Sally Nicholson’s great great grandfather Ernest fought at the Somme alongside her great great uncle, Sidney Nicholson, a Lance-Corporal in the King’s Royal Rifles. On the 7th October 1916 Sidney was just about to lead his men over the top when he was shot in the head by a sniper. Ernest was then faced with the difficult task of writing to tell their mother that Sidney had been killed in action and that his body could not be recovered from the mud of the battlefields:
“My dear Mother and All
I suppose by now you will have heard from the Sergeant Major & also from the Wesleyan Chaplain that our Sid was shot through the head on Saturday last. I wasn’t there as I was kept back at the transport line with the Reserve men but from what I can get to know from the men of his section he was killed instantaneously. He was a section commander and was leading his men on when he was killed.
Mummy dear, I hardly know what to write. It’s terribly hard on you and all of us but we must try to think of him as just having gone to join Dad, and that we shall all meet again in the days to come. Everybody has been most kind and Lieutenant Brooksbank particularly so. He took me into his tent and was nearly heartbroken. Poor old Rufus was killed just before Sid, so we are gradually losing all our own men. I’ll know you’ll try to be brave won’t you mum? I know it isn’t very much satisfaction to any of us to say he died for his country, but there is one thing, he was doing his duty as he saw it and I am sure you wouldn’t want any of us to go back on our friends would you?
I have got a few things of his from his valise, which I am trying to send home. He left his wallet with me to give to Hilda if anything happened to him so I’ll send them all together and you can give it her. I can’t write any more and you’ll understand why won’t you? I’ll write to the others after a few days.
God bless you all and help you to bear this severe blow. We always pray for you at night and ask God to bless you.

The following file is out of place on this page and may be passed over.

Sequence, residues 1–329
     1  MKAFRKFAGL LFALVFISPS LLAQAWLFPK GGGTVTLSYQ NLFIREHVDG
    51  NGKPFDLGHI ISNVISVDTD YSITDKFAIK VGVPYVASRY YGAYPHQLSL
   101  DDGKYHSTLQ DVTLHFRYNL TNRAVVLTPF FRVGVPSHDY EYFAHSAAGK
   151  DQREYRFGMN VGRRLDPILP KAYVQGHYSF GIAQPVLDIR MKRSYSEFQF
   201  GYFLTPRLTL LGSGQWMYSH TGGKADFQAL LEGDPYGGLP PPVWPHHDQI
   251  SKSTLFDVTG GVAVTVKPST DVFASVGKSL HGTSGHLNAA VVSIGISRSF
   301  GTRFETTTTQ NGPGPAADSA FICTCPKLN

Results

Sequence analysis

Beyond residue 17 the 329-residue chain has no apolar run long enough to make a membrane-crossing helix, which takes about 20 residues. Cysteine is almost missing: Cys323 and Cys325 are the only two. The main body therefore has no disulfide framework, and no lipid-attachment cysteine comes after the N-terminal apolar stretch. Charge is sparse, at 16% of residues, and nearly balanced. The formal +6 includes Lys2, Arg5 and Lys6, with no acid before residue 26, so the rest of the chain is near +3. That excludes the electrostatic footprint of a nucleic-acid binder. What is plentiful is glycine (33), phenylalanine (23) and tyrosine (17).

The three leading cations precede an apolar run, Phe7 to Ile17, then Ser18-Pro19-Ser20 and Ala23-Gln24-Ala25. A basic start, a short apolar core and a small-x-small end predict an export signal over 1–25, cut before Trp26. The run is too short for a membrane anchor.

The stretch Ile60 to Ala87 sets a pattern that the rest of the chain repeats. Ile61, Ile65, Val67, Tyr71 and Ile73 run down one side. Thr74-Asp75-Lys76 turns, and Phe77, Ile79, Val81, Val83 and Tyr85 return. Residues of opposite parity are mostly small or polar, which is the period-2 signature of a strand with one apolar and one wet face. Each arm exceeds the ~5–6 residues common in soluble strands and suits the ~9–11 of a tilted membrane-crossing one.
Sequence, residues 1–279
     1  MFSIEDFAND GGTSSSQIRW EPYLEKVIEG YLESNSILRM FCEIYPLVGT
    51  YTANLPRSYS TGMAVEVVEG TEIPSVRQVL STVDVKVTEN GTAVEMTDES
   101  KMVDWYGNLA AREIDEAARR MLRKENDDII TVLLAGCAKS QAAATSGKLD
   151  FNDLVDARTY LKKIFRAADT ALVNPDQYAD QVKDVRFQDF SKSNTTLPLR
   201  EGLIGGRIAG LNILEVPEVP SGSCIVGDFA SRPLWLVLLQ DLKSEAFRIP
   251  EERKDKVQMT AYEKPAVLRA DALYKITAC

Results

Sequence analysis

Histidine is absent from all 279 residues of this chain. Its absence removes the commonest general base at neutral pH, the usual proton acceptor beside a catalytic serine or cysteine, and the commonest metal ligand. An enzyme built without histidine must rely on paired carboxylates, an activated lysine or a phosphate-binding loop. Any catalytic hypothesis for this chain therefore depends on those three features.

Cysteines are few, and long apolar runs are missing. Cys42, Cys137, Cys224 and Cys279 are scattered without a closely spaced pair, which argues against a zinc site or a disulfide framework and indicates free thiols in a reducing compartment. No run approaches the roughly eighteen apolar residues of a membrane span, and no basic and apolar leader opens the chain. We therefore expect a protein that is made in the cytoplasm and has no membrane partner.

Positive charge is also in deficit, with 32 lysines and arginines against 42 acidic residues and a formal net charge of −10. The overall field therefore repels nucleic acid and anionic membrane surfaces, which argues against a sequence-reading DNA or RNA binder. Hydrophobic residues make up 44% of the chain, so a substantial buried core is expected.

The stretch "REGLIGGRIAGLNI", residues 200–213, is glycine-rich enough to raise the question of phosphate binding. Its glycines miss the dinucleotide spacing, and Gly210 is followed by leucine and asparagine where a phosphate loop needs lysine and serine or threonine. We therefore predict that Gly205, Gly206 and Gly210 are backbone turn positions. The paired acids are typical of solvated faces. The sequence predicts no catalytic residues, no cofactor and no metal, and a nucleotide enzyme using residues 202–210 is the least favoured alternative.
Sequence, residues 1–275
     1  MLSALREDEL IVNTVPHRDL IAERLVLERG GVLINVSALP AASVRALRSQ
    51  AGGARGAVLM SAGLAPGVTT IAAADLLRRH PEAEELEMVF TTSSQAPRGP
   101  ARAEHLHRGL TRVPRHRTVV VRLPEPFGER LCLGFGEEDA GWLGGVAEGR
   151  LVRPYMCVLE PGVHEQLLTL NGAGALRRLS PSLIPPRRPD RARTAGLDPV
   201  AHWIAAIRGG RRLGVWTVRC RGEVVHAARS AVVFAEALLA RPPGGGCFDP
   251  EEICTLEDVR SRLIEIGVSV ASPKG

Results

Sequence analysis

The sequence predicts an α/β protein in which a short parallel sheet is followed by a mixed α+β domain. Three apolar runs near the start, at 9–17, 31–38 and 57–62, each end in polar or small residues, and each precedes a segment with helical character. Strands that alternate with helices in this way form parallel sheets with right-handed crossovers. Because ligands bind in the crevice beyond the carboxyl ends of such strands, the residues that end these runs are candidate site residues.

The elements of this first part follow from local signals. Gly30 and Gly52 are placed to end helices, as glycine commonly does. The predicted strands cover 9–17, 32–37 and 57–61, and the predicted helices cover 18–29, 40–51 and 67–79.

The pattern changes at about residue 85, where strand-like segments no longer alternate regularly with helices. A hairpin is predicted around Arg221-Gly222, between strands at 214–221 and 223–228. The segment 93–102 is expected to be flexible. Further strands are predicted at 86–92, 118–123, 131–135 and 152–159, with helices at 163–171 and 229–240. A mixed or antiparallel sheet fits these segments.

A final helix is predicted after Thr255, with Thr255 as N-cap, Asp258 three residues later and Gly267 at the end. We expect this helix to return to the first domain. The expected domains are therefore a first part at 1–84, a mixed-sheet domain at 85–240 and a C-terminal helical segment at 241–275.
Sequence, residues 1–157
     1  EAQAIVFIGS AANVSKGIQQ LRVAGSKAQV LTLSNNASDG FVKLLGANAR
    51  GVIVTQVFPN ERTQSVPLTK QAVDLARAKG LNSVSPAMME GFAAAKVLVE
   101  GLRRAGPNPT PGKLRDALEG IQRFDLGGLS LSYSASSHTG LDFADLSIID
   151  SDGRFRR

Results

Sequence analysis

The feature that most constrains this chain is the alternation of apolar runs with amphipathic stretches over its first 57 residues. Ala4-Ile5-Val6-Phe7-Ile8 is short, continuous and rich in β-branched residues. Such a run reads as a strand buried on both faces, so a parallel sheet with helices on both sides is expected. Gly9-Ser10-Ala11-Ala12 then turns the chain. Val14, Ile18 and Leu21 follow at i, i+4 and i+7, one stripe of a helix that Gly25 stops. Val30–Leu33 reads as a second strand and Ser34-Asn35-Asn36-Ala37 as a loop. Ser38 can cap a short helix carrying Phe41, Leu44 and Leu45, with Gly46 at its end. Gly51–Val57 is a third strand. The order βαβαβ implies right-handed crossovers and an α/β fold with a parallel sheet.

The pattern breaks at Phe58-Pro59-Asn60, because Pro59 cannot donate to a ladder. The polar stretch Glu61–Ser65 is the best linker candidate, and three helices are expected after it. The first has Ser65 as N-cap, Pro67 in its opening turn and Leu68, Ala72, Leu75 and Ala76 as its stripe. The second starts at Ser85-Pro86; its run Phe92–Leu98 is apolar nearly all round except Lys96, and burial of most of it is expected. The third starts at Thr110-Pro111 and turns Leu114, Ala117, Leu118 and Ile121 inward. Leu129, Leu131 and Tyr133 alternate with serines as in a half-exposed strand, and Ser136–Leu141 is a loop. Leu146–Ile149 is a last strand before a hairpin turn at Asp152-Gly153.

With fondest love to you all
Always your ever loving son Ernest”
Ernest (pictured left, with Sidney) lived to be 98 years old.
Speaking about Sidney, Sally explained why the shrouds resonated with her:
“We are not really a military family, but we’ve always made an effort to remember him…the shrouds are a fitting tribute to seventy two and a half thousand men like Sid.”
After meeting Rob and telling him the moving story of the two brothers, Rob asked Sally – a teacher from Northampton – to come and lay the final shroud in London.
Meanwhile Sally’s cousin Deb contacted us separately to buy a named shroud in memory of Sidney.
Deb had never met Sally but the two finally came face to face at our remembrance service on Sunday when Deb had this to say:
“I hope Rob realises what an amazing thing he has achieved – the number of people we heard as we walked round saying how it brought the scale of the losses home with far more impact than seeing names on a list. It was also good to see the number of children and young people there – by engaging them with a very visual message Rob has done his part to ensure this huge waste of life will never be forgotten.
It was the most amazing event – so a huge thank you to you all for putting it together. The song by Steve Knightley was so moving – and the poem was such a strong message, delivered in a very poignant way. Marvellous!
Sally and I literally chatted for hours and could have gone on far longer, so we’re meeting up again before too long. We both have a lot to thank Sidney for!”
It has been amazing to see how so many people have been touched by Rob’s work and an honour to help relatives like Sally and Deb who feel that the shrouds are a symbolic way of bringing their loved ones home after their bodies could not be recovered from the battlefields.
If you have a story or photo of someone who is commemorated at Thiepval then you can share it on the CWGC archive: blog.cwgc.org/thiepval-stories.